Para todo mal, mezcal y para todo bien también.
Mezcal, when high quality, is simply the best liquor in existence. It has a melt in your mouth smooth smoky flavor, and a mellow buzz that is completely unlike any other. The above is a painting on the wall in Al Andar, a great little mezcaleria located on a strip of old downtown Mexico City called Calle Regina. The neighborhood is being revitalized with several bars and restaurants and a pedestrian zone, near Centro Historico:
Other favorite spots to get a nice mezcal (and a great meal) include Oh Mayahuel and Los Danzantes in Coyoacan, mentioned before:
And of course La Botica, with multiple locations in Mexico City. The picture below is of one of the smaller ones. They all have a great vibe, sell only great boutique mezcal and nothing else, and have really knowledgeable staff. They also sell full bottles to go:
Finally, the rooftop bar at the Condesa DF hotel, and La Cerveceria in Condesa, both offer great mezcal cocktails.
Oh, and that worm in the bottle? Just a relatively recent marketing gimick. Probably means it’s actually not high quality.
Coyoacán was just short bus ride from my apartment in Copilco. It’s one of my favorite neighborhoods in Mexico City. In Náhuatl, Coyoacán means “place of the coyotes,” hence the statues frolicking in the fountain in the middle of Plaza Hidalgo:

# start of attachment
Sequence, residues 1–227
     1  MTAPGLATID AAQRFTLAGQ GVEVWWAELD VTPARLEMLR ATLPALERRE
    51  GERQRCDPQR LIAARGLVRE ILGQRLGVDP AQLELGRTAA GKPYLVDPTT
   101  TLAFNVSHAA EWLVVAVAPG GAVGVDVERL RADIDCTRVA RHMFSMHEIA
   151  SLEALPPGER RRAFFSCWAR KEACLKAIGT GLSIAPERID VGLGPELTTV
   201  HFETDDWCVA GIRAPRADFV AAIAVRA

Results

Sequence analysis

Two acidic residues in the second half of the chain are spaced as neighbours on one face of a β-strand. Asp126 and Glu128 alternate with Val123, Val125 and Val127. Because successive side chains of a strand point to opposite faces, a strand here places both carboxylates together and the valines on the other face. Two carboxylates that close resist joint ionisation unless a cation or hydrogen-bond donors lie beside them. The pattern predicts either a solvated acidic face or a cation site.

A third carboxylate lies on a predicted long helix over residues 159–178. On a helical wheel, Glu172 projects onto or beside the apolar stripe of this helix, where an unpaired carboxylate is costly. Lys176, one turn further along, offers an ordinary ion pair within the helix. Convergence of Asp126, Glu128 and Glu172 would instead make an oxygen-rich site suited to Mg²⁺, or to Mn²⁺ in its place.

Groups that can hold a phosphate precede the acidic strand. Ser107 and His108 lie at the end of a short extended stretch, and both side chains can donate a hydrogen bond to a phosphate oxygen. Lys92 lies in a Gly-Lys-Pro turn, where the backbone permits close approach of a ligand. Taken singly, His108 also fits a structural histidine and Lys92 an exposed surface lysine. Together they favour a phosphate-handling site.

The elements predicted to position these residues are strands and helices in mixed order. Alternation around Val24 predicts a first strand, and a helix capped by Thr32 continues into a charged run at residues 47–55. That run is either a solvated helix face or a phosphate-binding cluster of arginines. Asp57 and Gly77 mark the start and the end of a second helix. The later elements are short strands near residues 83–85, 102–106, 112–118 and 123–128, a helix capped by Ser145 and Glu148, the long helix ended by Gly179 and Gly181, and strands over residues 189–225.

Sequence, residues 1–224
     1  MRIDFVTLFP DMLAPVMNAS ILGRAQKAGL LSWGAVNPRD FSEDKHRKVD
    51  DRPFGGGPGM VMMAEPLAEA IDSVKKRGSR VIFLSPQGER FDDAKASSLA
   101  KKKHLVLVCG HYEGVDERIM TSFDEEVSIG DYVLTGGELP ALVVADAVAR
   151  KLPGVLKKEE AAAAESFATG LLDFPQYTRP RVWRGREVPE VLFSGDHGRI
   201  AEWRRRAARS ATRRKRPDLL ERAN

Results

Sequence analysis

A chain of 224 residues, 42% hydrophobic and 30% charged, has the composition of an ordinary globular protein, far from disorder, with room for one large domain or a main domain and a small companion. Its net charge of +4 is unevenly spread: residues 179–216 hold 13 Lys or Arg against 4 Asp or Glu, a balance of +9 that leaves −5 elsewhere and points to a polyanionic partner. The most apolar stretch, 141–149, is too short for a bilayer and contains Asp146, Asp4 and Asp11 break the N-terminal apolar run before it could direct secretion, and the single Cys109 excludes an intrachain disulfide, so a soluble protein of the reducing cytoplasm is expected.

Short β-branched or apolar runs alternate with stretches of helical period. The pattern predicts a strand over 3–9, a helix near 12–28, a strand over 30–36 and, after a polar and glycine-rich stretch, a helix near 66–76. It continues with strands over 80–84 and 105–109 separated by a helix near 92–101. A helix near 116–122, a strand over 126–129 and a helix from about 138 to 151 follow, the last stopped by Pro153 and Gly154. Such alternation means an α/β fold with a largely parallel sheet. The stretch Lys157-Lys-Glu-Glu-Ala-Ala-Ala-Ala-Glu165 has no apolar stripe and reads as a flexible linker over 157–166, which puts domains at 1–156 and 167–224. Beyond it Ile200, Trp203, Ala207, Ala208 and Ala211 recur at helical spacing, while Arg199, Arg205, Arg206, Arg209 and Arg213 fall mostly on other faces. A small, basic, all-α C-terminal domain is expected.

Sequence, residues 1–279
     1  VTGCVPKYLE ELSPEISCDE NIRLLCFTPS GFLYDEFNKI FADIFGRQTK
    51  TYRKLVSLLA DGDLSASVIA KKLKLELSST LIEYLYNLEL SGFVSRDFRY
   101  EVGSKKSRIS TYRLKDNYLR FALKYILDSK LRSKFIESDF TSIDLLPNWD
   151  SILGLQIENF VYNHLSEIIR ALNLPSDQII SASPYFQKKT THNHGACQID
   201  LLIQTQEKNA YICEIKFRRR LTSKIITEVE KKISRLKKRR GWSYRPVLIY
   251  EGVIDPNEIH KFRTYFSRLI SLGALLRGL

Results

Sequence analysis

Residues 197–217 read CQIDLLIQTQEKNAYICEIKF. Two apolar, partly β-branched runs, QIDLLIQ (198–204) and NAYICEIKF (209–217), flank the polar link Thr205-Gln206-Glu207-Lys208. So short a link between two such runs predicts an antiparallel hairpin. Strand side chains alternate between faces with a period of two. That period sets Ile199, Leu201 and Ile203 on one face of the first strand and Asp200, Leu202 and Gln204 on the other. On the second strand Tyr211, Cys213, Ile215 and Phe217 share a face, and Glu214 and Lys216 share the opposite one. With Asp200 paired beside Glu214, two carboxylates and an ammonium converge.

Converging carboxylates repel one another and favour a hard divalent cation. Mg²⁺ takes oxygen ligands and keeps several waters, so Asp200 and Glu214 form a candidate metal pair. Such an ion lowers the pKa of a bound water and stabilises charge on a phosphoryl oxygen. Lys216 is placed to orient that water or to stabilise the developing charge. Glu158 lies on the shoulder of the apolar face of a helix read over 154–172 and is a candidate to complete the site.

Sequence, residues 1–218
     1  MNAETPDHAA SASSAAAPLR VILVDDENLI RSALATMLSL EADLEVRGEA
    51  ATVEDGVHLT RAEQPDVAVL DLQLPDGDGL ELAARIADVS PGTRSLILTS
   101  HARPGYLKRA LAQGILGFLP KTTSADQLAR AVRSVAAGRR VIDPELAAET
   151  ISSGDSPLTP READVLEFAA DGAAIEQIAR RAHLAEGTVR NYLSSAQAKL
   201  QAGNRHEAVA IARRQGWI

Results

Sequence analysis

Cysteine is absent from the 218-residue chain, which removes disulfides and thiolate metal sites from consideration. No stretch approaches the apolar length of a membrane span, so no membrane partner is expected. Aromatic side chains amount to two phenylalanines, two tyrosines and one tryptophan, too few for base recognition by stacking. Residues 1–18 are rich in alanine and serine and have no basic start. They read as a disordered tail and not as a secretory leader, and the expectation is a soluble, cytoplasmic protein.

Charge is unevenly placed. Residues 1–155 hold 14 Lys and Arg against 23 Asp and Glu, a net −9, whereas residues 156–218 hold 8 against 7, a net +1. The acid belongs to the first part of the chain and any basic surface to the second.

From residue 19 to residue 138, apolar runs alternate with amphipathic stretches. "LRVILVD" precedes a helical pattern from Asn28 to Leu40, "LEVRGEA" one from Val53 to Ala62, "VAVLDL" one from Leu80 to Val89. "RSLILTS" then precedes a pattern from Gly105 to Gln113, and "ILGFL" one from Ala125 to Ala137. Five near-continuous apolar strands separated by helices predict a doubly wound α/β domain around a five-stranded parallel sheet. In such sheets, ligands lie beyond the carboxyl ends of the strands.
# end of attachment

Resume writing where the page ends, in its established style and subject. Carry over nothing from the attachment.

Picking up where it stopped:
We spent quite a bit of time wandering around this neighborhood — often landing at our favorite place for cocktails, Oh Mayahuel. The food is interesting and often decent, but the reason to go is for the atmosphere and the inexpensive Los Danzantes or Alipus mezcal.
Another highlight of an evening spent wandering through Coyoacán and its fun two-level arts and crafts market are the numerous hot, fresh churros relleno stands:
You pick from a seemingly endless list of fillings, from creamy to jammy. I always went for the lechero — a sweet condensed milk. Totally decadent, thank goodness they don’t have these stands in DC.
One day when I was exploring the neighborhood on my own, I stumbled on a wonderful, enormous used book shop, Librería El Volador, on Carrillo Puerto. There were dozens of island tables, loaded with stacks of English language books, mixed in haphazardly with every other language you could imagine. I found some children’s books that had been published in China, but in Spanish. The artwork immediately caught my eye and I bought several to send to friends with kids back home. I bought a couple for myself as well, thinking they may make some nice artwork for framing. Once in DC, I cut one of them up, framed some of the prints, and decorated my room. They turned out beautiful and a great reminder of my time in DF.